The Prime Minister is making a deliberate effort to increase self-sufficiency in military Technology, semiconductors, and science-based industries. However, there is a market failure in that traditional venture capital will not invest in this asset class, and government money needs to be more sufficient and quick. India will need to establish world-class deep tech skills in specific industries to become a developed country in 25 years.

Regarding deep Technology:

Deep Technology, often known as hard tech, is based on high technical creativity or substantial scientific advancements, as opposed to shallow Technology, which is based on gradual improvement from current tech concepts. Deep tech is frequently radically new and aims to solve challenging and practical challenges.

They create obstacles that may require extensive research and development and a significant capital commitment before effective commercialization. Their major risk is the technical risk, but the market risk is frequently substantially smaller due to the apparent societal value of the solution. Deep tech and complex tech firms tackle fundamental scientific or engineering difficulties that generate valuable intellectual property (IPR) and are difficult to replicate.

Time for an India Strategic Fund:

To address this market inefficiency, we must look forward to establishing an "India Strategic Fund." Specific changes in existing CSR budgets and high net worth (HNI) tax benefits will encourage cash to flow toward strategic Technology.

Certain general-purpose technologies (GPTs) support our way of life, economy, and national security. There are four technical battlegrounds today:

  1. Semiconductors.
  2. 5G communications technology.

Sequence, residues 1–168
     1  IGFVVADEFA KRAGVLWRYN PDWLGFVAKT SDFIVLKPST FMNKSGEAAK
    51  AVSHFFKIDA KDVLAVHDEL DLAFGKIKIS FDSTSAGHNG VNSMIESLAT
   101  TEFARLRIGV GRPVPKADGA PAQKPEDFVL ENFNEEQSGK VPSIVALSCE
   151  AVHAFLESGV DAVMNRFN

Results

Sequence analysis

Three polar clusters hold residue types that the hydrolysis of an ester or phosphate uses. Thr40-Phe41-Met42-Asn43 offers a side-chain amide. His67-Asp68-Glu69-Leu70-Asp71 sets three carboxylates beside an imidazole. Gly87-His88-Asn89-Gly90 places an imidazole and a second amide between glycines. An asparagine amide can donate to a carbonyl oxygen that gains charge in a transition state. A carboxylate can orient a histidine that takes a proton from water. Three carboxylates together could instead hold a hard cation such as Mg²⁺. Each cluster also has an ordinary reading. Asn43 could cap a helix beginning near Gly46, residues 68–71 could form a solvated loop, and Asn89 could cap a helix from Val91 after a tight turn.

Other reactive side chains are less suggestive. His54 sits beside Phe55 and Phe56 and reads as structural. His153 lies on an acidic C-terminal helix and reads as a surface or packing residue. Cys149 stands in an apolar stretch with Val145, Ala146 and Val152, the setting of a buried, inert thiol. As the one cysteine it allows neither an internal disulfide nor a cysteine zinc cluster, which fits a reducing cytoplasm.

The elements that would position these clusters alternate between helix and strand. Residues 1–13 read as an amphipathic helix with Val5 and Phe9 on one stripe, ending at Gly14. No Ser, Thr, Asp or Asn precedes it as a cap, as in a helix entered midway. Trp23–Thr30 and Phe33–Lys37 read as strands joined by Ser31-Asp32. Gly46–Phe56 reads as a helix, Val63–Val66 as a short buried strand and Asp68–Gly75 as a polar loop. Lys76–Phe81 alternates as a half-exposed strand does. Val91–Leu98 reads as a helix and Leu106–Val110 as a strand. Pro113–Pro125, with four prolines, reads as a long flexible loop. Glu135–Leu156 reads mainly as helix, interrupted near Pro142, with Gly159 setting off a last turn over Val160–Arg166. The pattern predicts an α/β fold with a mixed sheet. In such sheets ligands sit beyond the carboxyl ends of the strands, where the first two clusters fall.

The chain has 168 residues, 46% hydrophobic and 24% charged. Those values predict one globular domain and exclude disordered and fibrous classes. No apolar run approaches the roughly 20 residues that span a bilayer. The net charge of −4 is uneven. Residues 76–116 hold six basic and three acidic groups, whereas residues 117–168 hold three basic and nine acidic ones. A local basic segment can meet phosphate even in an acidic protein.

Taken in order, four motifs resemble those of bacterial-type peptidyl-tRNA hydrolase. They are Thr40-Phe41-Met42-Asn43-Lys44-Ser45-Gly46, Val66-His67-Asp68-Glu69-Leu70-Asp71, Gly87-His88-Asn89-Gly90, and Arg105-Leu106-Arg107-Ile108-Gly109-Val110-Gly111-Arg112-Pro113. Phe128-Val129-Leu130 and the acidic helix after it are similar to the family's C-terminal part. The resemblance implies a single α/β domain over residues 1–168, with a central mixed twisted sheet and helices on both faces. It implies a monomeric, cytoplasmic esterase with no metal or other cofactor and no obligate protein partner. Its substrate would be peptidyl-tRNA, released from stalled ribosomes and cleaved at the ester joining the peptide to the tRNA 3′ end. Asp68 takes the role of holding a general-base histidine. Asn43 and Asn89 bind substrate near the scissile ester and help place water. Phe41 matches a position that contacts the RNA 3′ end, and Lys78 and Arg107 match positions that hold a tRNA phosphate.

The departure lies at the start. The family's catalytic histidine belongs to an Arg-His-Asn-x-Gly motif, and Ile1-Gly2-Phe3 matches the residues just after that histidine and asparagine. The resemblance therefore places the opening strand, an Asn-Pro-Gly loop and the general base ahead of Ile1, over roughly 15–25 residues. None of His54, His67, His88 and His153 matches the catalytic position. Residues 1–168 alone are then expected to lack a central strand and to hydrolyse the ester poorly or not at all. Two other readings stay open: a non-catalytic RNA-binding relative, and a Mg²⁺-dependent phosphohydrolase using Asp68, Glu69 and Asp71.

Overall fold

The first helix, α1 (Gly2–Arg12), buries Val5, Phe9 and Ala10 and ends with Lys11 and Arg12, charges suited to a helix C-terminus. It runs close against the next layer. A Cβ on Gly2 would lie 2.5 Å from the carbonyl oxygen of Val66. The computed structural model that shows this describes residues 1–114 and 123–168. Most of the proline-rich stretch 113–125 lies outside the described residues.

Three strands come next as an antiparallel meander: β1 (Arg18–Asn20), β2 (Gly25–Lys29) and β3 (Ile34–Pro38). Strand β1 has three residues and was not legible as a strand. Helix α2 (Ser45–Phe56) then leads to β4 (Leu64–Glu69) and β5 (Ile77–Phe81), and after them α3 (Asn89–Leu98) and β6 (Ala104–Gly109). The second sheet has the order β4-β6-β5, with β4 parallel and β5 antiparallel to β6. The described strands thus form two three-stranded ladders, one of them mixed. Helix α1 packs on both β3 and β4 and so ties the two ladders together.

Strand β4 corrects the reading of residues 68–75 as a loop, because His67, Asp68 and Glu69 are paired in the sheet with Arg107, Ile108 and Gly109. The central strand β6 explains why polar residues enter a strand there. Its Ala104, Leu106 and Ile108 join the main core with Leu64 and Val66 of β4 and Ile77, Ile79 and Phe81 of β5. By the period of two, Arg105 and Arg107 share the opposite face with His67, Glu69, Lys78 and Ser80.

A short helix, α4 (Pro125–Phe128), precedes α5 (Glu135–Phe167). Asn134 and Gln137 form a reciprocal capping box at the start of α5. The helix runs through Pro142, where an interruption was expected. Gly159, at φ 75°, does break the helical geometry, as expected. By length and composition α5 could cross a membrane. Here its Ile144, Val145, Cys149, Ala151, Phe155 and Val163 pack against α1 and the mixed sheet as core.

3. Revolutions in biology.
  4. The Technology of autonomy (e.g., AI).

Each of these is subject to armed warfare, public health crises, and natural calamities. They are dual-use technologies (that may be utilized for both civilian and military applications) with high entry barriers. They are also locations where India remains at the bottom of the food chain. So India's self-reliance in deep Technology is more than simply a "feel good" mantra. It is a matter of life and death.

Funding plays a critical function:

  • Government is still the primary funding source for Deep Tech in developed or NATO nations – a cutting-edge, quantum leap in capabilities that creates an intellectual property moat. Billions of dollars in financing are channeled via agencies such as the Defense Advanced Research Projects Agency and the Directorate of Defense Research and Development. Much of it serves as the oxygen that small enterprises require to thrive.
  • As a result, start-ups have emerged as a link between IEEE articles or benchtop prototypes in academia and production-hungry huge industry. This bridge remains unbuilt in India due to a lack of financing.
  • When it comes to Deep Tech, venture capitalists throughout the world are hesitant. The Indian venture capital ecosystem is unwilling to invest in risky yet groundbreaking concepts. An Indian investor agreeing to support a laser start-up from an IIT Madras laboratory or a battery start-up from IIT Mumbai is still a fantasy. Investors need to comprehend Deep Tech, and investing in basic Technology also does not match the 10-year fund return cycle since it takes considerably longer to mature.